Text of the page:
Last week, while I was watching a popular Chinese entertainment channel on satellite TV, I was bewildered by a scene of many of
Not many years have passed, but things have changed drastically. These singers and music labels are no longer at war with Baidu, even though Baidu today is still providing easy access to millions of illegal music download sites, and has even come up with more music lists such as "Top 100 Most Popular Downloaded Songs" to help guide people's illegal downloading. It looks like these music labels and singers have given up on battling online piracy and have aligned with their ex-enemy. What turned these past foes into today's bed-fellows? I later found a good answer, courtesy of my classmate Lisa who introduced me to Chris Anderson's new book: Free: The Future of a Radical Price.
As said in Lisa's review of Anderson's book, Anderson optimistically, yet assertively, painted a picture of information flowing free like water, seeking lower ground in today's digital world as the reproduction and distribution costs for information products are getting lower and lower. This has prompted our society’s evolution towards a new “Free” economy. In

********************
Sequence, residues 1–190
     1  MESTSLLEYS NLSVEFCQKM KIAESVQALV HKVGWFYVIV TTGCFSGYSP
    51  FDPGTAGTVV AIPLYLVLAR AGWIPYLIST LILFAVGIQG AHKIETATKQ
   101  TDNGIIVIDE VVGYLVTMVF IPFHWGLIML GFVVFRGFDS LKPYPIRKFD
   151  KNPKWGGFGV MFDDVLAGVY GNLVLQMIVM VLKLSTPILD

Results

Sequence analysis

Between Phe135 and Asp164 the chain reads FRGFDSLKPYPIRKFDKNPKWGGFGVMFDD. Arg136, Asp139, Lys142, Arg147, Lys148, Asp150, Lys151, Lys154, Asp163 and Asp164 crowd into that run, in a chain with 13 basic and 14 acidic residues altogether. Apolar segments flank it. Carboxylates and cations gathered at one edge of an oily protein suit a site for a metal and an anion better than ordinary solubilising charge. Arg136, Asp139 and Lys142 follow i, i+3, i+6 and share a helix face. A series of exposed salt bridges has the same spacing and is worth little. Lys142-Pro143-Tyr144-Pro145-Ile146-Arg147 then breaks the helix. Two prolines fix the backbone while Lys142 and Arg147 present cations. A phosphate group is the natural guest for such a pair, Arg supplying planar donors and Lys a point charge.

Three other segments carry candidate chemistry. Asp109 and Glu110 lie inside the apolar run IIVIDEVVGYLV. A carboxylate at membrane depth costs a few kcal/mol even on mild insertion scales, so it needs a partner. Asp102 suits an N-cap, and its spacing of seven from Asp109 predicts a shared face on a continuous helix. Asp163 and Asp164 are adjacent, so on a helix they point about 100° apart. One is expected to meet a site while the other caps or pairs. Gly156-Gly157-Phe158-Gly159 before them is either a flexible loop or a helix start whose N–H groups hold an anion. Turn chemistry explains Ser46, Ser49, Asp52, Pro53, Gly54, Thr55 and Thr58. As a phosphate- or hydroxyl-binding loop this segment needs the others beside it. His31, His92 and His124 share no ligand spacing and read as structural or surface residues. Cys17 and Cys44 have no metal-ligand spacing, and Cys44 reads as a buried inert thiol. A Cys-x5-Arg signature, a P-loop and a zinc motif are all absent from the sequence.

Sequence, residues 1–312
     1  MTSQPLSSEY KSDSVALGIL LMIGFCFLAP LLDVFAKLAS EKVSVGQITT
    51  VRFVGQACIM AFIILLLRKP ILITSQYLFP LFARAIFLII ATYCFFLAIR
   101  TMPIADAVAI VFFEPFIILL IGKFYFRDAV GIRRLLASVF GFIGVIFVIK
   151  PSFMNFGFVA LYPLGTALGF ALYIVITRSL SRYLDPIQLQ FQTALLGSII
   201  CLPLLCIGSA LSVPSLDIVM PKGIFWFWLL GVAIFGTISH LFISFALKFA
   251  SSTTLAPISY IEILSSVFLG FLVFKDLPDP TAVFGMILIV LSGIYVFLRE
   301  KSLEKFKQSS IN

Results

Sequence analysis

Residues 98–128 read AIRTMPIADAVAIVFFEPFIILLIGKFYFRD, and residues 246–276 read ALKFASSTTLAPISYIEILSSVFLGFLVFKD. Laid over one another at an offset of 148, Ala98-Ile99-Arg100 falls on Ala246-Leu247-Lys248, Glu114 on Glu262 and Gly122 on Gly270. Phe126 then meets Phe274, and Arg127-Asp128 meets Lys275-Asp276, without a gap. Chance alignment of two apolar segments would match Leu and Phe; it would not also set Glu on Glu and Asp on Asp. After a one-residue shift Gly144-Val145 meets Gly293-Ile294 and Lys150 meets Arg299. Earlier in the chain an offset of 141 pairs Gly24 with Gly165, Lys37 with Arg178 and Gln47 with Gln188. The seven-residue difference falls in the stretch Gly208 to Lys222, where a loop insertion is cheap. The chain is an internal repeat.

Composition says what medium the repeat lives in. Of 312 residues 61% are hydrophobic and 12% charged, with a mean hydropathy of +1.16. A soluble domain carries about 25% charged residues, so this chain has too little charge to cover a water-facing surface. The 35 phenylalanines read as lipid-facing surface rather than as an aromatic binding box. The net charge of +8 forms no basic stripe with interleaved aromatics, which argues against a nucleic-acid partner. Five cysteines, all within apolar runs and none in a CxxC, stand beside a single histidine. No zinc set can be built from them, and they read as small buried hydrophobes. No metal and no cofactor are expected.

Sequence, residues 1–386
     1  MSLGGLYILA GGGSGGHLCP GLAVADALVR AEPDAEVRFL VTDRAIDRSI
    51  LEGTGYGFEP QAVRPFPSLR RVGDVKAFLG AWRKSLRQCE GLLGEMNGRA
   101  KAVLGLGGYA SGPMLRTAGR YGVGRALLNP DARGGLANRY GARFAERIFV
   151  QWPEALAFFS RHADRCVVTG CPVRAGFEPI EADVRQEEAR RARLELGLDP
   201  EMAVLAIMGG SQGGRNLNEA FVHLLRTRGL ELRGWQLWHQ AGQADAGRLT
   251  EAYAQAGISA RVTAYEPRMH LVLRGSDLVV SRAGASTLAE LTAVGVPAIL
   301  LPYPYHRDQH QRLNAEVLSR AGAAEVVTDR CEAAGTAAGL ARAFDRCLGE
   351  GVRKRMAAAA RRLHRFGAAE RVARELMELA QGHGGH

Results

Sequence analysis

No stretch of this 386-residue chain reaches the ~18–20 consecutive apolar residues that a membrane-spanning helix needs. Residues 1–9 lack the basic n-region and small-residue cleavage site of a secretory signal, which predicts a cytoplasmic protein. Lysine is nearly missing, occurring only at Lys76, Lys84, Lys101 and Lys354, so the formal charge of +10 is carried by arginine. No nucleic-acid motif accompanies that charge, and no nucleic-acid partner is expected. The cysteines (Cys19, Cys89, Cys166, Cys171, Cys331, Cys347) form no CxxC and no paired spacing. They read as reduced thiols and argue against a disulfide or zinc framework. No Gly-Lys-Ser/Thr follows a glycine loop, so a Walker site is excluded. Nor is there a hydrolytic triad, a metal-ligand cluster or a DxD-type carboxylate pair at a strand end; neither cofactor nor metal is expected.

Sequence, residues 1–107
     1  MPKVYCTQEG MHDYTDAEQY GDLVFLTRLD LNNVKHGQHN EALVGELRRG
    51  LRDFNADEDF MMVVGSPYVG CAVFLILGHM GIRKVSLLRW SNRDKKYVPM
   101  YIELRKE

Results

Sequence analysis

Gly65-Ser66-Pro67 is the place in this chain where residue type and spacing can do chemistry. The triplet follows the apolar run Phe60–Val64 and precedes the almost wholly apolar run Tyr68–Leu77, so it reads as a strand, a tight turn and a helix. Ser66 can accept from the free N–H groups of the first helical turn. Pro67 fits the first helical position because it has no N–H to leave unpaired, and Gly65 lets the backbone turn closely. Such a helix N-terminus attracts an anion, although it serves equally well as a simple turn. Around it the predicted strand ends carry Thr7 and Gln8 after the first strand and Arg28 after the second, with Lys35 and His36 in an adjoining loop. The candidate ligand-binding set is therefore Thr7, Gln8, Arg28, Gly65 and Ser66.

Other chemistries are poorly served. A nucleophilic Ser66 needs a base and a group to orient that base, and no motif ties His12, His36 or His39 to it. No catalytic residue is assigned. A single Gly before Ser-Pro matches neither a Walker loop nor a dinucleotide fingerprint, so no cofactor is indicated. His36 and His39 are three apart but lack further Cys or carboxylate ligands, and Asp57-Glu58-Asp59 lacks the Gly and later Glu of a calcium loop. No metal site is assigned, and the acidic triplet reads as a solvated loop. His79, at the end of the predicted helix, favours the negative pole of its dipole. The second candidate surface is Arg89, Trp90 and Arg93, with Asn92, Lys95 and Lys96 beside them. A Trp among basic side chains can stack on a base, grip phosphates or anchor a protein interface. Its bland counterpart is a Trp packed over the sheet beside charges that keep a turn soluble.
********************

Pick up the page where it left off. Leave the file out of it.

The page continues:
This new digital age measurement of value through attention and reputation helped answer my earlier question of why the Chinese music industry would align with its former foe, Baidu, as it is becoming increasingly clear that Baidu can bring them attention and reputation through its search service. The current digital environment has witnessed an irreversible trend where songs can be turned into free-flowing bits, and this is especially true in
In Gladwell's article, he takes the Freemium concept advocated in
I agree with some of Gladwell’s other critical perspectives on
No matter if you agree with